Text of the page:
Measurement on Rotating Machinery Non-contacting Relative Displacement
Standardized Rules for Measurement on Rotating Machinery
In order to better understand the behavior or rotating machinery, it is most desirable to standardize communication by means of a set of recommended practices defining the polarity and phase referencing of transducers, data storage and data presentation techniques.
This set of transducer orientation and polarity recommendations has been informally developed by machinery engineers and gradually standardized by Bently Nevada Corporation for its customers’ convenience. These recommendations are formulated to remove various possible ambiguities and are fully independent of the direction of rotation, dynamic impedance and dynamic action of the machine.
Non-contacting Relative Displacement
Motion toward the transducer along its sensitive axis shall produce a positive (+) magnitude of voltage or current. The polarity of a relative displacement transducer such as the Bently Nevada proximity probe is easily tested by decreasing gap as shown in Figure 1. The gap can be decreased by either moving the probe towards the observed material, or by moving the observed material towards the probe. Use of a Bently Nevada TK 3 is highly recommended.
Inertially referenced Displacement, Velocity and Acceleration
The polarity of Inertially referenced displacement, velocity or accelerometer transducers is easily tested by means of a tap test. The tap test consists of lightly tapping the transducer in its sensitive axis. The resulting timebase waveform, as shown in Figure 2, is an initially positive (+) going output signal when tapped toward the sensitive axis.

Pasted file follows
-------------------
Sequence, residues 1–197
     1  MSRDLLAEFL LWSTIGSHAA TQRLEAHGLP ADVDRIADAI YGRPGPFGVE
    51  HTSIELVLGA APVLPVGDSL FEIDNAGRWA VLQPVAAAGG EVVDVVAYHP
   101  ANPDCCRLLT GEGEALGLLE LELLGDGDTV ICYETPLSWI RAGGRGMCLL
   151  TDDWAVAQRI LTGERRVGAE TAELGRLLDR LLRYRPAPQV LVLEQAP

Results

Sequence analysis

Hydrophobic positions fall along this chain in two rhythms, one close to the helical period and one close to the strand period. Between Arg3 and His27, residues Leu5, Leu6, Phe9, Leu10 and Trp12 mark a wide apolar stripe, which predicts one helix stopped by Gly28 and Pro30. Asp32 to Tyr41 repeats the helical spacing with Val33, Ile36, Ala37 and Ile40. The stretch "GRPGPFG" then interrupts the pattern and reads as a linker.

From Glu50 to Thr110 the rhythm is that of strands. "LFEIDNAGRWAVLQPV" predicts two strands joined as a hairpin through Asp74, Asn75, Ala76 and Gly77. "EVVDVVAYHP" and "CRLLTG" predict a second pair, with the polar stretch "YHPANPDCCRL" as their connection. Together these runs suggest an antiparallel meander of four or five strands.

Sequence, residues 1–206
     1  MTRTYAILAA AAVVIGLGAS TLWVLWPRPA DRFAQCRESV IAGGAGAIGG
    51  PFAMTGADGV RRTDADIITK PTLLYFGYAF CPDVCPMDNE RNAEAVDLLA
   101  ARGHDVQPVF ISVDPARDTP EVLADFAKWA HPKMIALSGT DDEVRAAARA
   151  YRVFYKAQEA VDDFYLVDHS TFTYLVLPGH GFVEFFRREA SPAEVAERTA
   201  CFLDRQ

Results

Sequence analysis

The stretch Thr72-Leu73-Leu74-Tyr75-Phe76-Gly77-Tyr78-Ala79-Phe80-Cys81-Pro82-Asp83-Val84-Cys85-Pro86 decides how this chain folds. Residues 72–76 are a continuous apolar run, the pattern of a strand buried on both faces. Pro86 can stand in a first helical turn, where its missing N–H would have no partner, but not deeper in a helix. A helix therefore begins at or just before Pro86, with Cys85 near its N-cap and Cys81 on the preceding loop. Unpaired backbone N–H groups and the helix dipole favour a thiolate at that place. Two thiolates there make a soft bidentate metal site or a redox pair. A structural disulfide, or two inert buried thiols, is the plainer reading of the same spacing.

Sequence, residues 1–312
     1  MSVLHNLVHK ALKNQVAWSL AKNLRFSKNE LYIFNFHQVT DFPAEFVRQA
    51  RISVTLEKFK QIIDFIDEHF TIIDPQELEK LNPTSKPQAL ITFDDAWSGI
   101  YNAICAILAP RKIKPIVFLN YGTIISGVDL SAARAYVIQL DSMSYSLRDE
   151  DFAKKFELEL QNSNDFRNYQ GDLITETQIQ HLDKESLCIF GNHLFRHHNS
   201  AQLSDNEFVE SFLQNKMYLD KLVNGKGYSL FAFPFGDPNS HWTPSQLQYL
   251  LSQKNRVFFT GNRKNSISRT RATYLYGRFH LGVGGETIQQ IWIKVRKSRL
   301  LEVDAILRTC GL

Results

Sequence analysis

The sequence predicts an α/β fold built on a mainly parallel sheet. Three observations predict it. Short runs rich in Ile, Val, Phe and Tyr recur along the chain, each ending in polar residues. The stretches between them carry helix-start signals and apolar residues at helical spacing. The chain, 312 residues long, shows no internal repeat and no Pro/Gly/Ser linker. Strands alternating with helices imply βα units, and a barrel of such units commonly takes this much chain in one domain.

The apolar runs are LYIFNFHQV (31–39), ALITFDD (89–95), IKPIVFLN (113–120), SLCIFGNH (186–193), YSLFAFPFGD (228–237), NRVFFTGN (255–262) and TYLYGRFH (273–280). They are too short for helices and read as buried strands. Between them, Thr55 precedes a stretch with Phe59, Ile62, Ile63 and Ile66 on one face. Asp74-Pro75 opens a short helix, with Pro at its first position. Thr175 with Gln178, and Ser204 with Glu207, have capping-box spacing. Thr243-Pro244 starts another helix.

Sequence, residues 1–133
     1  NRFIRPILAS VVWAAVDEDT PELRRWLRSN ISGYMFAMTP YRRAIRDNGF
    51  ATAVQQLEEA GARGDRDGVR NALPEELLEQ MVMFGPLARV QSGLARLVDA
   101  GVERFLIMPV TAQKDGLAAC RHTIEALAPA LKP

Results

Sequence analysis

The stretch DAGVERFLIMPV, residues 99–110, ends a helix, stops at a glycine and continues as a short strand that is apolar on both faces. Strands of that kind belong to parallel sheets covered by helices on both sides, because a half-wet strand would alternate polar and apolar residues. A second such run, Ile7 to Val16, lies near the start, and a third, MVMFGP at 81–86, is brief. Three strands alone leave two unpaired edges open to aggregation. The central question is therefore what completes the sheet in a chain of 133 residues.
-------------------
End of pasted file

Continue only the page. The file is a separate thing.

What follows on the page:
Important: The unit impulse test on Inertially referenced motion transducers is the correct way to established polarity. The required positive (+) response to motion toward the transducer applies to displacement.
Angular Transducer Locations on Rotating
Referencing from the driven end of a horizontal machine train, the transducers shall (when practical) be mounted vertically (above the rotor observing downward) and horizontally (to the right of the rotor observing to the left), or alternatively, above the shaft at 45 left and 45 right. Direction of rotation of the rotor has nothing to do with this rule.
Figure 3 shows a typical orbit display using vertical and horizonal probes. Also shown is the timebase display for this set of input signals.
When transducers are located off vertical and horizontal, typically 45 off vertical centerline, the 45 up left transducer is presented to the oscilloscope vertical input (channel 1) and the 45 up right transducer is presented to the horizontal input (channel 2) when observing from the driver or governor end of the machine. Both orbit and timebase displays for 45 mounted transducers are shown in Figure 4. Figure 5 depicts 45 transducer mounting on a machine train.
This set of angular transducer location rules fills the requirements for orbits, timebase and the phasing relationships for various time correlations, such as for balancing, or determination of forward and reverse dynamic motion, and for preload data. For spectrum analysis work, orientation is of the required correlation data.